Each redistricting dataset merges the electoral data the SWDB collected and processed over the preceding decade with the most current census data (PL94-171). The result is a census block level dataset that allows for longitudinal analysis of electoral data over time on the same unit of analysis. Electoral data consist of the Statements of Vote (SOV) and Statements of Registration (SOR) for each statewide election. These data are collected from the Registrars of Voters for each of the 58 California counties with each election.
The SWDB collects the Statement of Vote and the Statement of Registration along with various geography files from each of the 58 counties for every statewide election. The Statement of Vote is a precinct level dataset and precincts in California change frequently between elections. The goal of the SWDB is to make election data available that can be compared over time, on the same unit of analysis – a precinct, a census block or a census tract.
Bangor Daily News (ME) - Wednesday, May 12, 1993
Author: Bruce Kyle Of the NEWS Staff: BANGOR DAILY NEWS (BANGOR, MAINE
The Knox County Commissioners on Tuesday wrote off a redistricting plan for the county Budget Committee as a numbers game that just won't add up.
The county is required by state law to realign the eight committee districts to accommodate a population shift revealed by the 1990 census. Of nine committee members, two represent the large Rockland district.
With a total county population of 36,310, each member ideally should represent 4,034 residents. State law allows a variance either way of 5 percent, about 200 people. The redistricting plan is due at the secretary of state's office by June 1.
The current districts are: District 1, St. George and the islands; District 2, Owls Head and South Thomaston; District 3, Rockland; District 4, Camden; District 5, Hope and Rockport; District 6, Appleton, Union and Washington; District 7, Warren and Friendship; and District 8, Cushing and Thomaston.
While most of the districts are close to the ideal, Camden's population of 5,060 is 25 percent higher than it should be, and the South Thomaston-Owls Head district, population 2,801, is 30 percent lower.
Splitting off part of Camden into another district would allow additional shuffling of smaller towns into the South Thomaston-Owls Head district. However, there apparently is no way to divide Camden because the town does not have wards.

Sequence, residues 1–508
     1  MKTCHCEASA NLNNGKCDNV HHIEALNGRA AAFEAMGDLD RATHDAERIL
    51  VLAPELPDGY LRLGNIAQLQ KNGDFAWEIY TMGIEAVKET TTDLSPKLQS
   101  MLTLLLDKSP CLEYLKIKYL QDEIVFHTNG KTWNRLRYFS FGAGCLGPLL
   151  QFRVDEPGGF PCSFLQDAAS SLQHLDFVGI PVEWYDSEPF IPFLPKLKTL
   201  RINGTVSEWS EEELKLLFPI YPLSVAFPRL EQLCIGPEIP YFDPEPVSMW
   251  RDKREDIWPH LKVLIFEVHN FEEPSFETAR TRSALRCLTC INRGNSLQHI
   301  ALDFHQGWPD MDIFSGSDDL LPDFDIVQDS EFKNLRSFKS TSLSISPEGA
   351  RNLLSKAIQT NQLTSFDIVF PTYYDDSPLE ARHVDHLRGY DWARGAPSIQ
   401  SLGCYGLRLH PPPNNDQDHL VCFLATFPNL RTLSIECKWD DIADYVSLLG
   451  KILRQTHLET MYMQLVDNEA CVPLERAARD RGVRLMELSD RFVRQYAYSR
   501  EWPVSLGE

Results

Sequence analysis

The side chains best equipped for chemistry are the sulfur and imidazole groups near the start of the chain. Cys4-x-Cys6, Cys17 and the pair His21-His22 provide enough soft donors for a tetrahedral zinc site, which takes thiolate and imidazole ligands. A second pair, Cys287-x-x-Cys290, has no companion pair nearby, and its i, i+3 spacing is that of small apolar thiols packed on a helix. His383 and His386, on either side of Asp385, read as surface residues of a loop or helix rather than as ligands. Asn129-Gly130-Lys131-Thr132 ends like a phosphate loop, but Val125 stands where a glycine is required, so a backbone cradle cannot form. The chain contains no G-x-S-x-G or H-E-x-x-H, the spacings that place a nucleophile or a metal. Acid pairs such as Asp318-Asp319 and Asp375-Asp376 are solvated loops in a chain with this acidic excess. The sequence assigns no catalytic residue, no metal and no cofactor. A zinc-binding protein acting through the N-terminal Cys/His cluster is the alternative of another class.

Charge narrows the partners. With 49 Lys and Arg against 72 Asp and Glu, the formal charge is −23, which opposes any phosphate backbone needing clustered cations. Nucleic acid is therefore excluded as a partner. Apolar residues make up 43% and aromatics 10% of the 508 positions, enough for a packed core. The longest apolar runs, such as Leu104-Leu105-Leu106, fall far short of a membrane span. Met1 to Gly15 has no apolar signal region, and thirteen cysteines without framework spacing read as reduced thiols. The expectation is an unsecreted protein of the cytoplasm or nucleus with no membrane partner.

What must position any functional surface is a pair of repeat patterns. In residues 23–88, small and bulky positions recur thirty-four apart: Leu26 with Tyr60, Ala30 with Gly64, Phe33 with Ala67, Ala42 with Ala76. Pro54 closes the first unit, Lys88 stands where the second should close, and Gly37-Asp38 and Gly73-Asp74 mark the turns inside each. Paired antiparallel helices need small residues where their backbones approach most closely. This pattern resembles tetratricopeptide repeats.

Commissioner Elmer Savage and County Clerk Virginia Lindsey have spent hours pondering a way to equalize the two troublesome districts, "but we've drawn a blank," Savage said. "We have to stick with the same number of districts and the same number of members. It would be easy if we could add a district or do something with Camden, but there's just no way to do it."
Lindsey said not only is there no means to divide Camden, "but we also cannot redistrict a member out of a job. It gets very complicated. We can't split Camden up, nobody knows what to do with it."
Commissioner Mason Johnson said Savage and Lindsay had done their best and should not waste any more time on the fruitless project. "Why rack your brains over something we can't do? The math just doesn't work."
With the state's deadline fast pproaching, the commissioners supported Chairman Gene Kenniston's suggestion that the county simply submit its existing plan as soon as possible to see what objections are raised. Savage said the Secretary of State's Office probably would devise a plan of its own if Knox County's is unacceptable.
In his monthly report on the Knox County Airport, Airport Manager Gregory Grotton told the commissioners that two companies are interested in leasing land at the facility and constructing hangars.
MBNA America Bank, the Delaware-based bank that is opening a customer service center next month in Camden, wants to lease 1.5 acres for a hangar for its two corporate jets. Omni Leasing Inc., which now rents out hangar space to aircraft owners on its own property next to the airport, want to lease 1 acre of county land for a new hangar.
MBNA would pay more than $6,000 a year for its lease, and Omni would pay $4,100 for the smaller parcel. The lease fees are adjusted each year, based on inflation. Both companies want to start construction as soon as possible.
While the commissioners were pleased at the prospect of an additional $10,000 in income, they were reluctant to approve the leases without the approval of the Airport Advisory Committee.
Grotton said the two lease requests came to him only last week. In addition, he said, the 11-member committee has not been active recently, holding infrequent, poorly attended meetings.
"I need to act on this right away, like today," Grotton said. "I have a chance to lease these parcels, and revenue is very important to the airport. This is a business, not just another conference at the courthouse. This gives the airport a chance to run in the black for the first time in years."
Johnson said he "didn't realize the committee has gone into a relaxed mode. It's disappointing to hear they're not as active and interested as they used to be." The commissioners instructed Grotton to call a committee meeting immediately, to run the proposals by whichever members show up and to proceed with the leases unless strong objections were raised.
The commissioners also accepted the resignation of James Nolan as chief deputy of the Knox County Sheriff's Department. Nolan is taking a position as chief of security for MBNA.
Kenniston said that although the commissioners and the department "have traveled a rocky road at times, we appreciate your services. We know you worked very conscientiously to do the right things. Congratulations and good luck."
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